[26] Delorme, A. and Makeig, S. (2004) EEGLAB: An Open Source Toolbox for Analysis of Single-Trial EEG Dynamics Including Independent Component Analysis. Journal of Neuroscience Methods, 134, 9-21.
[27] Vaughan Jr., H.G. and Ritter, W. (1970) The Sources of Auditory Evoked Responses Recorded from the Human Scalp. Electroencephalography and Clinical Neurophysiology, 28, 360-367.
[28] Näätänen, R. and Picton, T. (1987) The N1 Wave of the Human Electric and Magnetic Response to Sound: A Review and Analysis of the Component Structure. Psychophysiology, 24, 375-425.
[29] Elberling, C. (1979) Auditory Electrophysiology: The Use of Templates and Cross Correlation Functions in the Analysis of Brain Stem Potentials. Scandinavian Audiology, 8, 187-190.
[30] Li, L. and Caldwell, G.E. (1999) Coefficient of Cross Correlation and the Time Domain Correspondence. Journal of Electromyography and Kinesiology, 9, 385-389.
[31] DiPietro, J., Irizarry, R., Hawkins, M., Costigan, K. and Pressman, E. (2001) Cross-Correlation of Fetal Cardiac and Somatic Activity as an Indicator of Antenatal Neural Development. American Journal of Obstetrics & Gynecology, 185, 1421-1428.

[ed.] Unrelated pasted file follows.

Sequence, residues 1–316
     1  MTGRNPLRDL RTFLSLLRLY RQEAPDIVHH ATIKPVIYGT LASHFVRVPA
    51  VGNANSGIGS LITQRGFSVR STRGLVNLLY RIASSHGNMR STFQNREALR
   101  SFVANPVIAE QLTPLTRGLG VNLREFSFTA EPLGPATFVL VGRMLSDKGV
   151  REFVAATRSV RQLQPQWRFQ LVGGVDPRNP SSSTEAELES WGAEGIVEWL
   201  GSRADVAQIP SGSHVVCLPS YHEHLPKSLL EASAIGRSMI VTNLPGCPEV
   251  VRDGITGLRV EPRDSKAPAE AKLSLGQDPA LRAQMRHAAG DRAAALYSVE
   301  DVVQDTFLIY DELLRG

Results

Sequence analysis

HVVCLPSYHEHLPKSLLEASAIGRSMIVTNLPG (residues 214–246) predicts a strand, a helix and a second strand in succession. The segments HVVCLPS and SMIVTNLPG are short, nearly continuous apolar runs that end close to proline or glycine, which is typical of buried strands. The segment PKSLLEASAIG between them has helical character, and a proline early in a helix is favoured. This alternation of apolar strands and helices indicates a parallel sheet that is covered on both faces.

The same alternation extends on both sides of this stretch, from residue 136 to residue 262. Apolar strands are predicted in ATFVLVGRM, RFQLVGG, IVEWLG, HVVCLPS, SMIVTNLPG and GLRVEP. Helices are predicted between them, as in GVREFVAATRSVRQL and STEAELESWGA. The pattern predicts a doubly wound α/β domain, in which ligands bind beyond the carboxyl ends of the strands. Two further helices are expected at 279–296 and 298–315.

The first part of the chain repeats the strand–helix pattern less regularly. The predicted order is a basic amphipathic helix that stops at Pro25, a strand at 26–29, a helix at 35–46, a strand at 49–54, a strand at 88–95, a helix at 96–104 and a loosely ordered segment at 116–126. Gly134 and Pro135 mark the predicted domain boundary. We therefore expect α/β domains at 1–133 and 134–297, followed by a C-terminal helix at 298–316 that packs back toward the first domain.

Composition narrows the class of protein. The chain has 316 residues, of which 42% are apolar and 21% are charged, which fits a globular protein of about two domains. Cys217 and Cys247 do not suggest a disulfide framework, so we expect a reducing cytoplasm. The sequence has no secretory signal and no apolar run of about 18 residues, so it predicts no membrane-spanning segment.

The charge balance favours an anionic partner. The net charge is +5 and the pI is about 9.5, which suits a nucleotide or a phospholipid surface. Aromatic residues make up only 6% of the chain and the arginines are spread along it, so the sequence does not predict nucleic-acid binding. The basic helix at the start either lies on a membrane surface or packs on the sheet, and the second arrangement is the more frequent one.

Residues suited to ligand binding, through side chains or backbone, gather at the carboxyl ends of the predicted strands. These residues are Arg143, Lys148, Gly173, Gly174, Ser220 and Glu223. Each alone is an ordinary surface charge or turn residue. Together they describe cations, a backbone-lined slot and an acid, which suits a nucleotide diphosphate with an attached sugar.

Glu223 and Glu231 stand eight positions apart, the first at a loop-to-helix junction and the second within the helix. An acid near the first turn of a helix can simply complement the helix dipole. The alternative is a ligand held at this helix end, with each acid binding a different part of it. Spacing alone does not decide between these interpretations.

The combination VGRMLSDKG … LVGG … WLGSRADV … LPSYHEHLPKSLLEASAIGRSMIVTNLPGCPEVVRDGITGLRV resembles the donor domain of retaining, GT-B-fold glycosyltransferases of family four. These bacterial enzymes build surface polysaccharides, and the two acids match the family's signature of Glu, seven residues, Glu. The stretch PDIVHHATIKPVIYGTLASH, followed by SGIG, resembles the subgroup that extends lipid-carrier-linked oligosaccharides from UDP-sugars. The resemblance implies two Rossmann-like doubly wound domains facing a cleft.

[32] Glaser, E.M. (1974) Cross Covariance Function Estimation by an Average Response Computer. Annals of Biomedical Engineering, 2, 413-418.
[33] Shao, X.S. and Chen, P.X. (1987) Normalized Auto- and Cross-Covariance Functions for Neuronal Spike Train Analysis. International Journal of Neuroscience, 34, 85-95.

comments powered by Disqus

Copyright © 2020 by authors and Scientific Research Publishing Inc.

Creative Commons License

This work and the related PDF file are licensed under a Creative Commons Attribution 4.0 International License.